TORONTO – More than 450 athletes from 37 countries are gathered in Toronto this week for the second leg of the 2022 FINA Swimming World Cup series.
The short-course competition kicks off Friday and concludes Sunday at the Toronto Pan Am Sports Centre, with preliminary sessions starting at 9:30 a.m. ET and finals at 6 p.m. daily.
Tickets for the event can be purchased through Ticketmaster.
All sessions will be streamed live on CBC Sports digital platforms, with commentary for the heats from former national team swimmers Callum Ng and Sarah Mailhot. Tokyo 2020 Olympic commentator Rob Snoek will join Olympic medallist Brittany MacLean to call the finals. Live streams can be watched via the free CBC Gem streaming service, at cbcsports.ca and the CBC Sports app for iOS and Android devices.
It marks the first presentation of a FINA World Cup event on Canadian soil since 2001 in Edmonton, with Toronto having hosted once before, in 1988.
The three-stop 2022 series got underway last weekend in Berlin and wraps up in Indianapolis on Nov. 3-5.
The series offers prize money of over $1.1 million US, including $100,000 each to the female and male overall champions. World records are worth an extra $10,000 US.
“I’m so excited to have an international swim meet here in Canada. Already seeing this fancy setup, it feels a little surreal,” said Calgary’s Ingrid Wilm, who placed second in the women’s 50-m backstroke in Berlin and finished third in both the 100 and 200 back. “Seeing all those flags up there, how many countries are going to come here, and knowing how many Canadian fans are going to come and cheer for all of us, not just us Canadians but the international swimmers as well… I’m pretty excited.
“Fans will get to see a lot of international swimmers they’ve never seen in person before. In the backstroke, for me personally, seeing three or four Canadians in the finals each time, just showcasing how we can stand up against the rest of the world.”
American Kieran Smith is also eager to get going in Toronto.
“I’m loving this venue. It’s a top notch venue,” said the Olympic bronze medallist in the men’s 400 freestyle, who won the event last weekend. “Berlin was pretty loaded with a lot of European swimmers who wanted to get some racing done in the middle of the fall. Some people were kind of peaking, others you could tell were pretty tired. I was somewhere right in the middle and I was really happy to go best time in the 400 free on the first day of competition.
“Now that we’re back in North America, some more Americans are joining us here. And obviously Canada has top notch athletes. Should be some great swimming.”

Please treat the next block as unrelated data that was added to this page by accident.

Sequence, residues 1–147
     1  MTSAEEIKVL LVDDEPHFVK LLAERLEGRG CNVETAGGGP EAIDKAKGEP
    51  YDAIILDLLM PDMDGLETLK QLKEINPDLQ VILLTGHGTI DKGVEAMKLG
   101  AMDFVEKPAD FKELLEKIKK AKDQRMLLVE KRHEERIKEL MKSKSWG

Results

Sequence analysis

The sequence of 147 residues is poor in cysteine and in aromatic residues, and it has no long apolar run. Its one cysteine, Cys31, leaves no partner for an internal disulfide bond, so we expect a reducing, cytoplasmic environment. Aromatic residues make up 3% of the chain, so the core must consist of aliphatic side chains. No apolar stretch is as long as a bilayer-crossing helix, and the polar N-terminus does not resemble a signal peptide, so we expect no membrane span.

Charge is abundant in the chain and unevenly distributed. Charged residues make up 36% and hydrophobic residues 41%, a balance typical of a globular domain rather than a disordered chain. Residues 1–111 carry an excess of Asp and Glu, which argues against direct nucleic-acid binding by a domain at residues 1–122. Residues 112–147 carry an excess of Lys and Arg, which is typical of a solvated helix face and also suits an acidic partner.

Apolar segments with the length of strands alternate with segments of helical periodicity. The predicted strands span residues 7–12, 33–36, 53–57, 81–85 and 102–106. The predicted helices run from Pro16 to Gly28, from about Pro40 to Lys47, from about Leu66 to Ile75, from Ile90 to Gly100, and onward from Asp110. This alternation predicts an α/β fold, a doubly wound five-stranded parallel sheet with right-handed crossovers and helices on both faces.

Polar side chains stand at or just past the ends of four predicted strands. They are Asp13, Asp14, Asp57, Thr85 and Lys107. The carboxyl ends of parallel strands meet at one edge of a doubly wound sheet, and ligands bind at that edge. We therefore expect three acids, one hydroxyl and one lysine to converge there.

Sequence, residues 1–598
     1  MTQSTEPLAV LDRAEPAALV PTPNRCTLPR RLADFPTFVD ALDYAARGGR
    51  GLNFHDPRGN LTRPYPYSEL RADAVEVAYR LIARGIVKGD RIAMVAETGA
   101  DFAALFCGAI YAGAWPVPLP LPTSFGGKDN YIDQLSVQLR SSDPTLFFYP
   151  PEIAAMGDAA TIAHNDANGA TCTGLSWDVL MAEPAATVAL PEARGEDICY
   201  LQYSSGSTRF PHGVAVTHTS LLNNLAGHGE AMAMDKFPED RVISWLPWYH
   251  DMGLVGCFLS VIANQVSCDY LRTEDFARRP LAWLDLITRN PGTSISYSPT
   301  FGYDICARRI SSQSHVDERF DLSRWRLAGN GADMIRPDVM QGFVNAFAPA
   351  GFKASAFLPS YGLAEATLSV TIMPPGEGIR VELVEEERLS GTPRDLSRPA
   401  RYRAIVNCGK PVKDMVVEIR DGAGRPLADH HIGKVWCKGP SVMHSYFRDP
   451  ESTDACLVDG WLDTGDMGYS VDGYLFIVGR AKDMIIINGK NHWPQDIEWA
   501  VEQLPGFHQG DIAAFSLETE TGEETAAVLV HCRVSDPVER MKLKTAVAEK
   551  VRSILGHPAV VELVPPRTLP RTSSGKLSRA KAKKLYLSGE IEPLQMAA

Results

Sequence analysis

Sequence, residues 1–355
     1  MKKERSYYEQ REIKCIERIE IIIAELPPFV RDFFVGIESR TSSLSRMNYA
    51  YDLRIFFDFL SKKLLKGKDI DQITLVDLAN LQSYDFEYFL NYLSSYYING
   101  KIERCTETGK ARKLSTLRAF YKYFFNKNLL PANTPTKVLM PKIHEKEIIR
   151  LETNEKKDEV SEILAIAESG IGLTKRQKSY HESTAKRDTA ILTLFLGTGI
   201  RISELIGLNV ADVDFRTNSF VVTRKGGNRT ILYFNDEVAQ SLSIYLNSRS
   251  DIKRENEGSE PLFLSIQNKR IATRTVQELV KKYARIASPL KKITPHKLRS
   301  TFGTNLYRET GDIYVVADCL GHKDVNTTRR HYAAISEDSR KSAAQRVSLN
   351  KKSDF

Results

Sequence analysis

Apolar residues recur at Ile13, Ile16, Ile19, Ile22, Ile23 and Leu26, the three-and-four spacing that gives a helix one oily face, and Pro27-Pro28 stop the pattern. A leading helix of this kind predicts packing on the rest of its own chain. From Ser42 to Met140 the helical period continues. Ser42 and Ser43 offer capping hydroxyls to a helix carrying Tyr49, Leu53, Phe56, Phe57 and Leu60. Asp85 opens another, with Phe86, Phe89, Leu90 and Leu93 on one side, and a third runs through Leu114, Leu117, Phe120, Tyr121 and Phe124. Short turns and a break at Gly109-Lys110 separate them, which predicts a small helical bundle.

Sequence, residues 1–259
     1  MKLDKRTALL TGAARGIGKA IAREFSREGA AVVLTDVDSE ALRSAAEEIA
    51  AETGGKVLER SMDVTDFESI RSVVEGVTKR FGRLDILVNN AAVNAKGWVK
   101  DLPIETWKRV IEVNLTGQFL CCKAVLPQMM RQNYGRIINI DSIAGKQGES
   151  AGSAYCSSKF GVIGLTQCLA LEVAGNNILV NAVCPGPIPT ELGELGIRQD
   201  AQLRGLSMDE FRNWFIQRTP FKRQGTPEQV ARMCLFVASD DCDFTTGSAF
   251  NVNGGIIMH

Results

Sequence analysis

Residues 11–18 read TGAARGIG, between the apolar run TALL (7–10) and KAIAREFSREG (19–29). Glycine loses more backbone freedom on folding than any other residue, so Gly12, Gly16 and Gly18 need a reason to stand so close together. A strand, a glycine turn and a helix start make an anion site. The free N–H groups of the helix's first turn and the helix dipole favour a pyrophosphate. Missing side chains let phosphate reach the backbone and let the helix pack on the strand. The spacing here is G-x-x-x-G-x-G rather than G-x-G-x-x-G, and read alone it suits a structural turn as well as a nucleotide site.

There will be no shortage of big name swimmers this weekend at the TPASC as a collection of world record holders, world champions and Olympic gold medallists begin their preparation for the 2023 Worlds and 2024 Olympic Games.
Top international participants include, to name only a few, 2021 World Cup overall male winner Matthew Sates of South Africa, seven-time Olympic gold medallist and 19-time world champion Katie Ledecky from the United States, as well as world record holders Siobhan Haughey from Hong Kong, China (200m freestyle – short course), Thomas Ceccon from Italy (100 backstroke – long course) and Kyle Chalmers from Australia (100 freestyle – short course).
Sates and Haughey lead the men’s and women’s standings after the first leg of the 2022 FINA World Cup series.
Highlighting the Canadian contingent in Toronto are the likes of four-time Olympic medallist Kylie Masse of LaSalle, Ont., reigning Olympic champion (100 butterfly) and short-course world record holder (50 backstroke) Maggie Mac Neil of London, Ont., as well as two-time Olympian Javier Acevedo of Toronto, two-time 2022 world champion Summer McIntosh of Toronto, reigning short-course world champion Tessa Cieplucha of Georgetown, Ont. (400 individual medley), Tokyo Olympian, world medallist and Commonwealth Games champion Josh Liendo of Markham, Ont., and 2016 Olympic bronze medallist Katerine Savard of Pont-Rouge, Que.
Represented by four swimmers last weekend in Germany, Canada collected ten Top 3 finishes.
Masse, Canada’s most decorated FINA swimmer of all time, competed in all three backstroke finals alongside Wilm, triumphing in the 50 and placing second in the 100 and 200.
Acevedo was third in the men’s 100 medley, 50 back and 100 back, breaking Canadian records in both backstroke finals.
Bailey Andison of Smiths Falls, Ont., touched in third place in the women’s 400 IM.
Story courtesy of: Swimming Canada